Hey! My family doesn’t act like that!

It is almost time for the onslaught of sappy, well-meaning Christmas TV movies to begin. This year it would be nice to see some reality mixed in with the happy families, angels who spread cheer like it was a virus and hobo grandpas who finally reunite with the son they abandoned in order to ride the rails.

Let’s start small and suggest that the Christmas trees we see in our television family counterparts better reflect the majority of our families’ trees. The trees we see in television are dressed up in their Christmas finery and are veritable holiday works of art. They sparkle and shimmer; they match. We all know it’s not really Christmas until your mom hauls out the crusty, glue spackled ornaments you made as a second grader. Anyone who was educated in the public school system surely created a delicate Christmas bell, ingeniously crafted out of an egg carton, aluminum foil and a pipe cleaner. On TV, I want to see gingerbread ornaments that are shellacked with lethal amounts of glue to ensure a long life. Look a little closer and you will see the bite marks. Though no one will admit to it, you saw your brother do it.

The next point of contention revolves around family relocation. When you move from an area of the country with snow to an area without, your Dad does not hijack a SnoCone machine and spend Christmas Eve gently and carefully covering your backyard with crushed ice in order to give his beloved family the illusion of a Winter Wonderland. When real people move at Christmas, they can’t get into their new house until after the holidays. As a result a family of five has to stay with Grandma in her retirement village. Mom and Dad get the pull-out couch. The kids get to share Grandma’s unfinished basement with shelves of canned goods. As the family pulls up to Grandma’s, Dad forgets he’s driving a U-Haul and promptly crushes Grandma’s eaves trough, causing several hundred dollars worth of damage. At Grandma’s, there is no tree, there are no lights, there is no Christmas dinner. There are sausages. Merry Christmas.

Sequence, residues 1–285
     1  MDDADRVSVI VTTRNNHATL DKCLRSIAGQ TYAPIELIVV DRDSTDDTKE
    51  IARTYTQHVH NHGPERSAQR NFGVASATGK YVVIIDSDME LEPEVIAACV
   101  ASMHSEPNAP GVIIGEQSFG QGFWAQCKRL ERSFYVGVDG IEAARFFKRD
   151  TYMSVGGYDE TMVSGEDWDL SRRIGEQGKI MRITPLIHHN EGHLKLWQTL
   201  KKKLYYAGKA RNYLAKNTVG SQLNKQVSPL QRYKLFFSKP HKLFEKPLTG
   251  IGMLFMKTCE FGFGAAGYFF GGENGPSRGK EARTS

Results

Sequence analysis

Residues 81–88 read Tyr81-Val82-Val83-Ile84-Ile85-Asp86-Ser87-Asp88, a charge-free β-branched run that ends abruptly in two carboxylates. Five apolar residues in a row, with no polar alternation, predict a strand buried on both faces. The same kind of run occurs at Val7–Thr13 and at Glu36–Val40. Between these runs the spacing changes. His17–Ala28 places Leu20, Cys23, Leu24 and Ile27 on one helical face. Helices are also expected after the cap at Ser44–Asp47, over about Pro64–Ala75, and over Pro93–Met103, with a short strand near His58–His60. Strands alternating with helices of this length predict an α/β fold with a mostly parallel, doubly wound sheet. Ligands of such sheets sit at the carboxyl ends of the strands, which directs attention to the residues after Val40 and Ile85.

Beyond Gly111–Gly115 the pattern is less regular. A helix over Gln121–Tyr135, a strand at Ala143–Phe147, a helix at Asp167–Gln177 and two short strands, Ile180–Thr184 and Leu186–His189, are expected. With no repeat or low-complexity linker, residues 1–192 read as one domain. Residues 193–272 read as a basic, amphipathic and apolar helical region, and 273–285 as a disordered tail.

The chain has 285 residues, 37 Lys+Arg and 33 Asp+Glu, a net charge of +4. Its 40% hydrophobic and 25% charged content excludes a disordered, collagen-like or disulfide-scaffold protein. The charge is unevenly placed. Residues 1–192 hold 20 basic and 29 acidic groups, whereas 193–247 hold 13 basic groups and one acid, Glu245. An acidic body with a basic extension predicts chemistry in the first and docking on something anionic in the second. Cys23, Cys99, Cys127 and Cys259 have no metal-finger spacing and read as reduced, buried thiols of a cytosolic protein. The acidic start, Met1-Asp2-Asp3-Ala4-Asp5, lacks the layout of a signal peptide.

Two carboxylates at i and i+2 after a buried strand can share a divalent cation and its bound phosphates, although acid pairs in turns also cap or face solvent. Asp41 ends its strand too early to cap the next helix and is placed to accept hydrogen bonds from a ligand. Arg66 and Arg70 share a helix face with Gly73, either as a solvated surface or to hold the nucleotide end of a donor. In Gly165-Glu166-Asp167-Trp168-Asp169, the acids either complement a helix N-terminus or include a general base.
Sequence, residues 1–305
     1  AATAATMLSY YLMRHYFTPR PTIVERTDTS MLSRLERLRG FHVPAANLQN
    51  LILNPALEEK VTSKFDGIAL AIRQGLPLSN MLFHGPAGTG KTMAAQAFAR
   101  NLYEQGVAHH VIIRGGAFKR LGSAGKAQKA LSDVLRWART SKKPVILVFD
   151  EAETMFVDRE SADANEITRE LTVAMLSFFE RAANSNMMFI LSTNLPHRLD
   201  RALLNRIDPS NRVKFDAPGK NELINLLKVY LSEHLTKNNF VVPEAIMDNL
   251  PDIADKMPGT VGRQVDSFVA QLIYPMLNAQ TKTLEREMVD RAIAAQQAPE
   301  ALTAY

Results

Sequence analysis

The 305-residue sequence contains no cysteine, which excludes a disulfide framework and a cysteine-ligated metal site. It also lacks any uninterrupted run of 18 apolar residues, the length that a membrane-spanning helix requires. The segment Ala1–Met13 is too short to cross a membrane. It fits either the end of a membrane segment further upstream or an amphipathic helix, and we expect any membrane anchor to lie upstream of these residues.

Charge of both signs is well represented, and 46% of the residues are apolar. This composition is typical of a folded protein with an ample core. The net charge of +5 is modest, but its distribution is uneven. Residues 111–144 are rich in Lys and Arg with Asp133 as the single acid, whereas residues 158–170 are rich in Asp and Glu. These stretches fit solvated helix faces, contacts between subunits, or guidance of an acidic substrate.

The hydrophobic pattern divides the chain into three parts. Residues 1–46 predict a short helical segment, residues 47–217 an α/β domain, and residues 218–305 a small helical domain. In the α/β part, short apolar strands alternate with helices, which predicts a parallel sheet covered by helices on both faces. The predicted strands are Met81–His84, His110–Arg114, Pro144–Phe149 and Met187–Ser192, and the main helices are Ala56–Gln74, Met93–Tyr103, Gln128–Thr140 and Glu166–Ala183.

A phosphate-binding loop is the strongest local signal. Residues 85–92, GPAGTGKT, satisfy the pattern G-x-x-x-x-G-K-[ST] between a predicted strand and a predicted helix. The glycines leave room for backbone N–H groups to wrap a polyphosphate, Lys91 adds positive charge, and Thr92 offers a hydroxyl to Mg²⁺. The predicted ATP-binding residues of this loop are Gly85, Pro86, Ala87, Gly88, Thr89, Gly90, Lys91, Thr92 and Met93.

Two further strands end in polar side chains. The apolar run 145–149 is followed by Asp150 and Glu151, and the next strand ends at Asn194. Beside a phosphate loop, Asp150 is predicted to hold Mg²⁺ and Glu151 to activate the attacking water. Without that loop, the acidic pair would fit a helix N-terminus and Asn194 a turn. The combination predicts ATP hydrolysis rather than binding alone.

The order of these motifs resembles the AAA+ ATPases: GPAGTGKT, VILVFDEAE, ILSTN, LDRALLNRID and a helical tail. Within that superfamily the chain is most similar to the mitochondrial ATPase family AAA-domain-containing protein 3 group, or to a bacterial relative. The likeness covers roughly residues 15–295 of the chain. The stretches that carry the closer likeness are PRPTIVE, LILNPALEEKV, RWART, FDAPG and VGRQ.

Family rituals are another area that must be addressed. On TV we see families with kettles of bubbling apple cider and delicious cinnamon sticks adorning every reindeer Christmas mug. The reality is two grown-up children being forced into the back of the family vehicle to partake in the hallowed Christmas light tour while listening to festive Bony M or Zamphir and his magical panflute.

Another popular televised family ritual is the traditional sing along, where everyone can sing and several people have harmony know-how. It’s amazing how every fictitious family has a string quartet within their ranks. One time my mom and I tried to work on a Christmas piano duet. I believe this moment of tranquillity was broken when we started delivering elbow blows and I screamed, "I hate you and the piano."

Another favourite Christmas storyline involves the family who has scrimped and saved and finally made it to Disneyland. And when they get to Disneyland, they win a special contest which makes them the royal family of Disneyland for the week–a week they’ll never forget! According to a reliable source, her family’s Disneyland Christmas fantasy had them staying at her dad’s friend’s bachelor pad and in lieu of turkey dinner they ate at Fat Burger. The Fat Burger in Venice no less, where they amused themselves by shooing away roaches. There, however, is a happy ending to this story. My friend did get an acid-washed jean jacket from Sears, making the whole experience worthwhile.

Others are not so lucky. While TV kids get a pony or a house to call their own, some of us would just be happy to receive an outrageously expensive brand-name shirt–what with Christmas being a time of miracles and all. Christmas morning, Mom rubs her hands together in anticipation and hands you a tell-tale clothing box. Please let it be a bum equipment, your 13- year-old mind fiercely wishes (Note to youngsters: there really was a time when bum equipment wasn’t just a Wal-Mart mainstay and considered a hot commodity.) So you squeeze your eyes shut and take a breath and rip open your present. Your mom squeals, "Do you love it?" It being a genuine rear attire. No, not bum equipment, rear attire. You feign excitement and choke back your salty tears. There will be no reprieve from junior high purgatory this Christmas.

So as you watch those hallowed Christmas specials with their pristine trees, happy families, fun rituals and fancy presents, know that no one remembers the Christmas their Dad made up with his estranged hobo father, only the fist fight that broke out when Grandpa wanted his hobo friends to stay for dinner. That’s what it’s really about.

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